It all comes down to the Commerce Clause
That Obamacare will set a U.S. Supreme Court modern record with 5.5 hours of allowed debate shows just how important the highest court considers it, says Patrick Wright, senior legal analyst for the Mackinac Center for Public Policy.
“The court knows it is a big deal,” Wright said. “This will determine whether there are any legal limits on the federal government’s power left or if the only check on their power is fear of political consequences.”
After more than a year of bouncing around the lower courts, the U.S. Supreme Court announced it will decide on the legality of President Barack Obama’s health care package.
Many legal experts believe it will come down to the “individual mandate” that all Americans must purchase health insurance by 2014. The individual mandate has been allocated two hours of the 5.5 hours of debate in front of the Supreme Court.
It comes down to how the mandate plays within the Commerce Clause listed in the U.S. Constitution that gives Congress its power to regulate commerce.
“At some point, you have to curb the power of the government under the commerce clause,” said Robert Muise, the senior trial counsel for the Thomas More Law Center, which filed a complaint in the lower courts over the Patient Protection and Affordable Care Act. “Where would you draw the limit of Congress’ power if they have the authority to do this (force people to buy insurance)? I think five of the judges are going to realize that and strike it down.”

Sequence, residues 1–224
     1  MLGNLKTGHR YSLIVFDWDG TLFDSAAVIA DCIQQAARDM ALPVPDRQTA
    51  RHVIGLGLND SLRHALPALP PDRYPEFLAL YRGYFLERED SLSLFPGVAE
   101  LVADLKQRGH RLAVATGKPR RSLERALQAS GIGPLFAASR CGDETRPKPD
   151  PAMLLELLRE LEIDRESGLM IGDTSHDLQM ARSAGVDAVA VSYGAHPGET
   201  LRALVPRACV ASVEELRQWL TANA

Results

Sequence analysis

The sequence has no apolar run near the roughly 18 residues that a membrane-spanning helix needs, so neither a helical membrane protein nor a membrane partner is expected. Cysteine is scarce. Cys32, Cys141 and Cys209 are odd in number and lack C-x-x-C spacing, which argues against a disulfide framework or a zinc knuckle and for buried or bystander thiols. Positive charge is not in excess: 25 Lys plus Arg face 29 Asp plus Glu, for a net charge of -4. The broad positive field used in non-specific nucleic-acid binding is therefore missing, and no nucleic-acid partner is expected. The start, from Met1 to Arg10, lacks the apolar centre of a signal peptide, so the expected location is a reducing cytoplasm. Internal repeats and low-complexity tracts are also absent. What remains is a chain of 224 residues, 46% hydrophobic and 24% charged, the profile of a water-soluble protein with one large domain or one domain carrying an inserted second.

Kermit Roosevelt, a professor of law at the University of Pennsylvania law school, said he thinks the Supreme Court will uphold the legality of the individual mandate.
“If you imagine a spectrum running from zero to 100, with zero being very liberal, 100 being very conservative, and 50 being moderate, it looks to me as though you only get votes to strike down the law from judges in the 75-100 range,” Roosevelt wrote in an email. “The Supreme Court now is pretty conservative, but I don’t think that there are five justices who are that conservative, especially since this is an issue about the range of Congress’s power. That’s an issue where the traditional liberal/conservative split doesn’t always predict votes as well, since some of the ideologically conservative justices actually aren’t that enthusiastic about states’ rights. So I believe the Court will uphold the individual mandate.”